Show How You Will Add Value
I’ve talked before about how important it is for your resume to show potential employers how you will add value.
But rather than just talking about it, I thought it might be helpful to show you some examples of resumes that do a good job on this score, so that you can see how effective it is.
All these resumes have been disguised, but they all belong to real people, and other than changing the names and other identifying information, I haven’t changed anything else about them.
Sales Rep Resume
This first resume belongs to a sales rep with a good record of results, but whose strongest value is her enthusiasm. This lady is passionate! She has such energy and you can’t help but want to have her selling for you when you meet her.
In her case, I felt it was crucial that her resume communicate this message and so we use words and phrases to convey energy, results and movement. The use of her quote and the quotes of other people also helps with the sales message. It would be hard not to interview this candidate if her resume came across your desk for the right opportunity.
But What About Junior Employees Without Much Experience?
Can you write a convincing resume profile and value proposition if you are relatively new to the workforce? Of course!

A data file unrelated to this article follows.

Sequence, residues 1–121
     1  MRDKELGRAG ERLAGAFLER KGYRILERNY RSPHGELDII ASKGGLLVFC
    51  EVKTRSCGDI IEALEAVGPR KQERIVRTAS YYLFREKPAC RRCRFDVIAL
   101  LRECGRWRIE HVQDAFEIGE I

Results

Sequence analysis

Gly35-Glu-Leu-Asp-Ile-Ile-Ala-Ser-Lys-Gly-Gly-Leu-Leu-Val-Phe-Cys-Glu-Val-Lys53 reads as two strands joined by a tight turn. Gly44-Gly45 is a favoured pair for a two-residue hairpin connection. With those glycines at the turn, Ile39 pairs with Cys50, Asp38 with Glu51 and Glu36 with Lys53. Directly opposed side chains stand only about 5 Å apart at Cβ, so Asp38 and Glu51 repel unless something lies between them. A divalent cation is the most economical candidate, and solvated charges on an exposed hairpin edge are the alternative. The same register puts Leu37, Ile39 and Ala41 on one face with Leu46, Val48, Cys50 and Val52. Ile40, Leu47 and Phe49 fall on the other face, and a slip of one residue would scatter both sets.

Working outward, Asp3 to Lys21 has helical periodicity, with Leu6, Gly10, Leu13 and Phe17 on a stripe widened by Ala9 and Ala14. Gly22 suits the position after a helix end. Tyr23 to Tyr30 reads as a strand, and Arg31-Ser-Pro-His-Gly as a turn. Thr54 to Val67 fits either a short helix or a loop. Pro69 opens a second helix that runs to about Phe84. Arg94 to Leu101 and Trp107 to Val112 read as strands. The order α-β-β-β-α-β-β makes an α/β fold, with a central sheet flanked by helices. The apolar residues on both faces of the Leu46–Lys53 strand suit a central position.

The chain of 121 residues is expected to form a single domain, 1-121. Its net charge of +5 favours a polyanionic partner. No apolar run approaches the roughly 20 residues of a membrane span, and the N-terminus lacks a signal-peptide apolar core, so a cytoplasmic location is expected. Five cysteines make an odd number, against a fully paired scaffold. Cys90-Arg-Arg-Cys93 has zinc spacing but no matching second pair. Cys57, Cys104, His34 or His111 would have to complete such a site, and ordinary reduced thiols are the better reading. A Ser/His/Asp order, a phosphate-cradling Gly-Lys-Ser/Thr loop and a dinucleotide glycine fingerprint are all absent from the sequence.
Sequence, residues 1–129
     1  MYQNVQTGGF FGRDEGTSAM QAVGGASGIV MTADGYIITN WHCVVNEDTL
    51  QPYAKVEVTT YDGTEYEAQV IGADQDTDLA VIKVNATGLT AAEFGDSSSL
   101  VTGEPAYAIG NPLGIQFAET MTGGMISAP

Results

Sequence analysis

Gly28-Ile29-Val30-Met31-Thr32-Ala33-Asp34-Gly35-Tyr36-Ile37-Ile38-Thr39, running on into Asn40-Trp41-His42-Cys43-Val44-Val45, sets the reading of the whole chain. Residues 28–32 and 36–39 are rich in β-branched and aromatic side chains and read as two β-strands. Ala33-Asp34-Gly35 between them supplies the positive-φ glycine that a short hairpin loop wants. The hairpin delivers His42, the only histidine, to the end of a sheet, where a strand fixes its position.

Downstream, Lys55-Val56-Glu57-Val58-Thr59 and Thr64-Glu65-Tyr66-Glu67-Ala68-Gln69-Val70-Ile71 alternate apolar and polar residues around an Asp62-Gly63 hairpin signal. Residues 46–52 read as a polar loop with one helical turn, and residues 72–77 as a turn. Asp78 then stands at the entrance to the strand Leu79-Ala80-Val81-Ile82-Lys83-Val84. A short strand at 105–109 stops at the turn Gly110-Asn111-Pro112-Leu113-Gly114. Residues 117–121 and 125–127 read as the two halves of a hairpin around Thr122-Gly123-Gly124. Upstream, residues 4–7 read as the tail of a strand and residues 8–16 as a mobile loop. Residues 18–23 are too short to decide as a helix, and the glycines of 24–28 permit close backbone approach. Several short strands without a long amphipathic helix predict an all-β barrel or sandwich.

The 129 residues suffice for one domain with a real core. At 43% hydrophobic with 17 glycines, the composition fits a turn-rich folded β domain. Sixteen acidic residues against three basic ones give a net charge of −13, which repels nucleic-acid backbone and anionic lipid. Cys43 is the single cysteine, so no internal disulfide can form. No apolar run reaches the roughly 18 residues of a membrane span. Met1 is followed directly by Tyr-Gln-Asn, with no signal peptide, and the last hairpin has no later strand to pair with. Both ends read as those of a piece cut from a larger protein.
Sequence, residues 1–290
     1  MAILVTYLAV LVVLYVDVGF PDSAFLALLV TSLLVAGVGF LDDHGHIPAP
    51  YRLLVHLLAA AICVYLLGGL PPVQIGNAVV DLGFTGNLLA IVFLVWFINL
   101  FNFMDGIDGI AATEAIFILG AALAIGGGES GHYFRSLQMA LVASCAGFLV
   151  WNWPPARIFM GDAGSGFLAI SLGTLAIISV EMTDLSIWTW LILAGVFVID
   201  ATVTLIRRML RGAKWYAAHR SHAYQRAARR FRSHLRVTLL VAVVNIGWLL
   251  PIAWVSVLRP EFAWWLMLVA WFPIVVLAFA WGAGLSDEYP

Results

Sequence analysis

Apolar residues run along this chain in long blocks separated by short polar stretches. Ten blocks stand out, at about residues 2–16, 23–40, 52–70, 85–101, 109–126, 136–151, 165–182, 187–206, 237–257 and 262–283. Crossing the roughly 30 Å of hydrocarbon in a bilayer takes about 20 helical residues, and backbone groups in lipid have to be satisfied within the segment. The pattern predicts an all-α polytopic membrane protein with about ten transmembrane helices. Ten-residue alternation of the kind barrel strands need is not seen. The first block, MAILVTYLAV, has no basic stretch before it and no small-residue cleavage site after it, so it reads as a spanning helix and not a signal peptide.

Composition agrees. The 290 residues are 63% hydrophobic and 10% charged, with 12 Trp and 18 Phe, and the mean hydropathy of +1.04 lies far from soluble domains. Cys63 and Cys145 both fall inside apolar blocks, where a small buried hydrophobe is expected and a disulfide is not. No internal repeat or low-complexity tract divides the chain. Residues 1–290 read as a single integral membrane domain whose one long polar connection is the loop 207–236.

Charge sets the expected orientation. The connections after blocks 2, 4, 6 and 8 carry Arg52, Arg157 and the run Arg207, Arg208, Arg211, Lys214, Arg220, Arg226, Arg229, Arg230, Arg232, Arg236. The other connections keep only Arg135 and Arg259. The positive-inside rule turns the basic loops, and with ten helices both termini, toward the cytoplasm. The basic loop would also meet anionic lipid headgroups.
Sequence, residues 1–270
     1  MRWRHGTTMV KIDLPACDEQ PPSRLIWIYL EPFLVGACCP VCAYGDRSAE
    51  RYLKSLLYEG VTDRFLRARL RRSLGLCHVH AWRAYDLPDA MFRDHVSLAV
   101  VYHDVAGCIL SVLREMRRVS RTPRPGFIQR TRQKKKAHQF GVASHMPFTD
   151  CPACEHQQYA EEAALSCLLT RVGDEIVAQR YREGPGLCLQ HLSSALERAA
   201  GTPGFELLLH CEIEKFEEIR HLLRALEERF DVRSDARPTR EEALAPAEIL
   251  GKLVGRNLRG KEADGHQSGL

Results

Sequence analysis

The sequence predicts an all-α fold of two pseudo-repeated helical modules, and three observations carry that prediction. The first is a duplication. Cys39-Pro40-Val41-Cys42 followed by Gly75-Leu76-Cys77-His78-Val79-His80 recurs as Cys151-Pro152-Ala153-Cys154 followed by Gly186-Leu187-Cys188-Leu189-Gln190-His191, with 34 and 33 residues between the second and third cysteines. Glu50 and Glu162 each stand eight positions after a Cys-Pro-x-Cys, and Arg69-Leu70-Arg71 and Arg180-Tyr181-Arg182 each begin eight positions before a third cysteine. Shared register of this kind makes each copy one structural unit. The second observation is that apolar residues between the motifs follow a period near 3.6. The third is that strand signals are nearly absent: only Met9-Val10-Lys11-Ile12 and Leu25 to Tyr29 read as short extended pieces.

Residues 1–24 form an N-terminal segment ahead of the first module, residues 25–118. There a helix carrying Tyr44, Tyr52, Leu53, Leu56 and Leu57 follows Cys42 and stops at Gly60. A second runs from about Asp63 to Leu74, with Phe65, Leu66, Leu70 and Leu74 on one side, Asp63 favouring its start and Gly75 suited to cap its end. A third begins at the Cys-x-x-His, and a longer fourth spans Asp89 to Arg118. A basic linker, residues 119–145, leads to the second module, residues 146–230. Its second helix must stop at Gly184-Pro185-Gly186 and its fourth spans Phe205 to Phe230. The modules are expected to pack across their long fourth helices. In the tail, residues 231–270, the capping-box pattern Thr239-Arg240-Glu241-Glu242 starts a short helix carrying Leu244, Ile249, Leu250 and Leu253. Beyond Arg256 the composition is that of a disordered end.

As always, it’s about identifying your unique blend of skills, accomplishments and personality traits. This next job seeker – a recent graduate – had done just that using my proprietary resume preparation worksheet (which comes free with my book The Complete Guide to Resume Writing) so we knew what we had to offer and what his target employers would care about. This is the profile we came up with for him:
What’s Different for a Senior Executive?
Not much really. Again, it’s all about knowing what your target audience wants and what you have to offer.
In this case, my client was an senior level finance executive who wanted to work for a start-up, turnaround or fast-changing company. He wasn’t interested in steady companies that never changed and this dictated word choice (it’s OK to ‘frighten’ off the types of companies you don’t want to work for). So we focused on highlighting those things that would be perceived as most valuable to his target audience.
I hope these examples illustrate that anyone can create and communicate a strong value proposition, no matter what stage of your career or how much experience you have. The key, as I said already, is knowing what is important to your target companies and then showing how you can meet their needs.
Also note that these resume are free of ‘fluff’ and padding. Every word is there for a reason and every word is focused on value. Your resume introduction should do the same.
Read more about Resume Writing.